2. Repent of any extremist actions you might have had while in fundyland, and if necessary, try and repair any damage you have caused.
    3. Open your bible and see what GOD says.
    4. Rejoice because He is good.

  17. Gothard just plays into the small town distrust of any type of counselling or psychotherapy, people hear that mental illness is from sin and it confirms the choice that they have already made to judge those struggling with mental illness. It makes them feel comfortable, and when you put a Jesus stamp on it, it feels even better!

  18. This guy is messed up. He’s a “guesser.”
    Despite all science tells us about brain chemistry and wiring, he blames the person.
    If you don’t know what a “guesser” is, it is someone who will throw the last hundred years of medicine, science, and knowledge in the toilet to guess what they think the answer is.

    @Tiarali…you are right. As usual!
    @MKXcomm…so true. The stigma that attaches to mental health in this country is appalling and a lot of it is due to “guessers” like this guy.

  19. Oh, hai Bill Gothard. Thanks for making me have to pay a copay every couple of weeks in order to undo the mental damage that your mental health teachings caused me. Please DIAF.

    Luv, me.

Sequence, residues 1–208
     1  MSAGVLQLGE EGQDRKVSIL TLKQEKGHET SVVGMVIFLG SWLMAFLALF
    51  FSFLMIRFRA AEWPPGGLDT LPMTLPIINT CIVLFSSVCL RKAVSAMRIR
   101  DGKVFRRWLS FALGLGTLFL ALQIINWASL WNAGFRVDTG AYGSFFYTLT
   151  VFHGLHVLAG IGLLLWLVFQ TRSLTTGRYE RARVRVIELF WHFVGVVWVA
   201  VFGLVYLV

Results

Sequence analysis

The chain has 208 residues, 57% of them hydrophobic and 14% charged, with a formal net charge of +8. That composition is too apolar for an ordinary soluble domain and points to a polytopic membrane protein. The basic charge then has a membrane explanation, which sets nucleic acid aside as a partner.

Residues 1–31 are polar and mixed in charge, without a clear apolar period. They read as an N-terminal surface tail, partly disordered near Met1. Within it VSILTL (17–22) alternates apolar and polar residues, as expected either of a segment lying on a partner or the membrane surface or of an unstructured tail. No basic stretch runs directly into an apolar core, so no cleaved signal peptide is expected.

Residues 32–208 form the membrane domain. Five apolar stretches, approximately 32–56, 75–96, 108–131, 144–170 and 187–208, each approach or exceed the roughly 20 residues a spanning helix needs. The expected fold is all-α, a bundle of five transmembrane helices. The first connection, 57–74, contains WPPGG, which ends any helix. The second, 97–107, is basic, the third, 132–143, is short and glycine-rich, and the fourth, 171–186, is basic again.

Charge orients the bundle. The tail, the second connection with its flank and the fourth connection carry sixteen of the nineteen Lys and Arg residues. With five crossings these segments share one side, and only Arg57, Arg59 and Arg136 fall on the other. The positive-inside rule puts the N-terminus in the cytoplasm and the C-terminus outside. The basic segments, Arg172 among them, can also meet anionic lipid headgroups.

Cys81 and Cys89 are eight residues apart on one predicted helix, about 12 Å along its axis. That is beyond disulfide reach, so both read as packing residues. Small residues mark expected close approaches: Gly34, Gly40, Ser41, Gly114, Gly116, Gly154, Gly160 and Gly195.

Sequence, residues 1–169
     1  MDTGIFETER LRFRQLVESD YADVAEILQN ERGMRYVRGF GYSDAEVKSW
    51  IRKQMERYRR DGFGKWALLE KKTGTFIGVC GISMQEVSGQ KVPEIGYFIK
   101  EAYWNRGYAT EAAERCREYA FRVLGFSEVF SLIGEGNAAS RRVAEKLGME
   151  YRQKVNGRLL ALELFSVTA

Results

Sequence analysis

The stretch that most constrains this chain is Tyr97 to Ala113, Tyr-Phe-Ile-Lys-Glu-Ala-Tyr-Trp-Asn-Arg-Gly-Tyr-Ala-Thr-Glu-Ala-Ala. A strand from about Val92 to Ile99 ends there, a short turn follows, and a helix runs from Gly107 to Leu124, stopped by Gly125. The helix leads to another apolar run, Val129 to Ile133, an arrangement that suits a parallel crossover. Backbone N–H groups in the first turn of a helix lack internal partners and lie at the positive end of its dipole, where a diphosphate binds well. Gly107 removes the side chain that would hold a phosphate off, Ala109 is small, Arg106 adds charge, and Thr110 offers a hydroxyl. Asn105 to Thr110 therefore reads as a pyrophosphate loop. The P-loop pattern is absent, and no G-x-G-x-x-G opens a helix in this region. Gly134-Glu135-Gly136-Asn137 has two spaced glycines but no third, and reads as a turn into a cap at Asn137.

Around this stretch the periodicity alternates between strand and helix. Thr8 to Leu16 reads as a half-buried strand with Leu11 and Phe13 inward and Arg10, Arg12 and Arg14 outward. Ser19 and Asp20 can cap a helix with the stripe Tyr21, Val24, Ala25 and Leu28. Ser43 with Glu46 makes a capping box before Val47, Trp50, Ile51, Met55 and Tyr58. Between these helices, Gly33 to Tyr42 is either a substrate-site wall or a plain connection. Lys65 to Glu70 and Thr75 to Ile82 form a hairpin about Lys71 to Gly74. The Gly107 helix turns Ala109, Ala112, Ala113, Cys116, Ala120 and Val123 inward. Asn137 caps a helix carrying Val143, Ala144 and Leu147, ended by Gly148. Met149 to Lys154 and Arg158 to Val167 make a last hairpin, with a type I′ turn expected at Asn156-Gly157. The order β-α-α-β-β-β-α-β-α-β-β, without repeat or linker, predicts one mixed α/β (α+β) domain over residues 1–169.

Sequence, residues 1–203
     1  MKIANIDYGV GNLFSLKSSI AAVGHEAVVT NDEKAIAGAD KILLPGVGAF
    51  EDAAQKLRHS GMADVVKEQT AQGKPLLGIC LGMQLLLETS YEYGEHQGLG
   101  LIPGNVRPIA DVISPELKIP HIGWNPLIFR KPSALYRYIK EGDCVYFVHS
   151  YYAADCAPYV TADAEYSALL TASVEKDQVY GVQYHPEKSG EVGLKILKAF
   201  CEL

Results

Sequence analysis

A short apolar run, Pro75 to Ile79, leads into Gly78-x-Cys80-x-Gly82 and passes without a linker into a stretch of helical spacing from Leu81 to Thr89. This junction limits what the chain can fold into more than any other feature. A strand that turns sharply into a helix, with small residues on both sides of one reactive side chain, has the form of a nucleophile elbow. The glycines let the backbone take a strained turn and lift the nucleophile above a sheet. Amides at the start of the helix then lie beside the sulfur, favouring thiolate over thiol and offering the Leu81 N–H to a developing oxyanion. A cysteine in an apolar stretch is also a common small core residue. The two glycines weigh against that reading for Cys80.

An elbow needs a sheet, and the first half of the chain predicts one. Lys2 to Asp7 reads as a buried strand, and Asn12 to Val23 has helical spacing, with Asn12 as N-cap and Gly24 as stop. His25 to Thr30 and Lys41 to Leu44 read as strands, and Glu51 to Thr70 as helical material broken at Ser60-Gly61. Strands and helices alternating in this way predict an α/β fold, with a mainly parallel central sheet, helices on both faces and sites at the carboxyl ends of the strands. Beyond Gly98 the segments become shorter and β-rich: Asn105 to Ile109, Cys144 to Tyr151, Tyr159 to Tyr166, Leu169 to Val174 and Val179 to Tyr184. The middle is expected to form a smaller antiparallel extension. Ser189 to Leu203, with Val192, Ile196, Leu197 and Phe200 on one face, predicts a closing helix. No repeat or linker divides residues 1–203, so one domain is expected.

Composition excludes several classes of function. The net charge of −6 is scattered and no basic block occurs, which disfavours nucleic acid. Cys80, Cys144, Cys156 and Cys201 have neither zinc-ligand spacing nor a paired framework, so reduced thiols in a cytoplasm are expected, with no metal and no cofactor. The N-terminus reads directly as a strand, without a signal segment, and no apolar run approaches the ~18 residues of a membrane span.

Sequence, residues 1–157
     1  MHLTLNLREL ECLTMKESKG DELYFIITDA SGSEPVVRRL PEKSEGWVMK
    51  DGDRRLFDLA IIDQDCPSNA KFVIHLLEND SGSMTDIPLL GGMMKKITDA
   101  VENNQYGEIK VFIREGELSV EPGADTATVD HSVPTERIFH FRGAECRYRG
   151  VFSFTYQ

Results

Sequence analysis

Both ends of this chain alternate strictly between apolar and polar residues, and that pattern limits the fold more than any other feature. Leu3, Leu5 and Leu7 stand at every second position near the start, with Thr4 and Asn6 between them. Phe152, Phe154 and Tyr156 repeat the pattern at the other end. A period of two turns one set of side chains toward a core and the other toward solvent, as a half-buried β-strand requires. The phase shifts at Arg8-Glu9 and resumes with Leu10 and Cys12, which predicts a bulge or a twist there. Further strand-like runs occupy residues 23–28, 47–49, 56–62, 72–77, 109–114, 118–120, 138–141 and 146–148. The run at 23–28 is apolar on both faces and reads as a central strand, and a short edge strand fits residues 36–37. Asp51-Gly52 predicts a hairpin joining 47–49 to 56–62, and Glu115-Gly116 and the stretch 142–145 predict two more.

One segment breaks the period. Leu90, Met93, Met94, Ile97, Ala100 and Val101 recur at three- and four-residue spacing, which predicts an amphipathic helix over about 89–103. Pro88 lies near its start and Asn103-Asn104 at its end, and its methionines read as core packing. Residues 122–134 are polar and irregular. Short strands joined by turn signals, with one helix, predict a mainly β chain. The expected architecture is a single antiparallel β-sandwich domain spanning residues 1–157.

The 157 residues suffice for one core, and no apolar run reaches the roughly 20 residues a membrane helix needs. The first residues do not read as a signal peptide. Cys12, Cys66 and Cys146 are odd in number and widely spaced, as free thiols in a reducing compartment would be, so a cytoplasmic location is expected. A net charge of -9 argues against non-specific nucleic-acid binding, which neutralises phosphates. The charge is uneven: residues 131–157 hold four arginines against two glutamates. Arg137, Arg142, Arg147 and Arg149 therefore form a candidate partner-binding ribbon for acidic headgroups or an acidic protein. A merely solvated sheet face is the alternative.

20. About 20 years ago, I managed a homeless shelter and our ministry would go under the bridges and connect with the mentally ill homeless. I met men and women that were diagnosed with schizophrenia who heard voices all the time. One person thought he was getting secret messages from the CIA through brick walls of a certain building in Grand Rapids. Another used to wash his hands in his urine. Another wore about 25 hats in the middle of summer because he thought if all of the hats were removed that his brain would fall out of his hat. I could go on and on. Schizophrenia is not caused by irresponsibility, rather their brain is broken.

    Sadly, fundamentalist churches and charismatic churches often advised the mentally ill that I knew to Trust Jesus and do away with their medication. For a few days they were flying high, but inevitably, they’d crash and often become suicidal.

    At times I was tempted to take one of these ignorant fundies (that caused them to throw away their meds) into a dark alley and “show them the wrath of God” myself but I had to maintain my composure so that I wouldn’t lose my job. And the Holy Spirit kept bringing the Sermon on the Mount to my mind doggone it…..

    1. When I was in high school, there was a girl at my church that went to college and returned soon after leaving. She apparently had a mental breakdown at college. Her mother approached me and some other girls her daughter’s age and wanted to know if we’d talk to her because she had withdrawn and became anorexic.

      We told her we didn’t know what to say. We did talk to her, but she wouldn’t look us in the eye and wouldn’t respond to us, at all. Later, we were told she had begun a “work program” with the city, and a van came to pick her up to carry her back and forth to work.

      I’ve always wondered what happened to her, and why it was that someone couldn’t truly help her? I assume that the pastor, and her mother and father did not seek out a psychiatrist and psychologist. I wonder if she was sexually assaulted? I mean, she did attend a very conservative christian college (one here in NC, I can’t remember the name), and we know how sexual assault is generally treated at a place like that.